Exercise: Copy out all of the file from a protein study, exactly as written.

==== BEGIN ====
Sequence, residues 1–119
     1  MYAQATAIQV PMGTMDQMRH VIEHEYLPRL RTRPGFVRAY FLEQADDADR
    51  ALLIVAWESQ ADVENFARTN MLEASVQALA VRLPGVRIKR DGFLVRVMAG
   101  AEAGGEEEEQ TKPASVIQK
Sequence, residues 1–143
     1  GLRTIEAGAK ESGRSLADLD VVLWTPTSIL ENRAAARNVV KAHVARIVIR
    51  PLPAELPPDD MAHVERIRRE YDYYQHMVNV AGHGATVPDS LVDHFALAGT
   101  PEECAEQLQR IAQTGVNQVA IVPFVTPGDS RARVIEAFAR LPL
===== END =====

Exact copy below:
Sequence, residues 1–119
     1  MYAQATAIQV PMGTMDQMRH VIEHEYLPRL RTRPGFVRAY FLEQADDADR
    51  ALLIVAWESQ ADVENFARTN MLEASVQALA VRLPGVRIKR DGFLVRVMAG
   101  AEAGGEEEEQ TKPASVIQK
Sequence, residues 1–143
     1  GLRTIEAGAK ESGRSLADLD VVLWTPTSIL ENRAAARNVV KAHVARIVIR
    51  PLPAELPPDD MAHVERIRRE YDYYQHMVNV AGHGATVPDS LVDHFALAGT
   101  PEECAEQLQR IAQTGVNQVA IVPFVTPGDS RARVIEAFAR LPL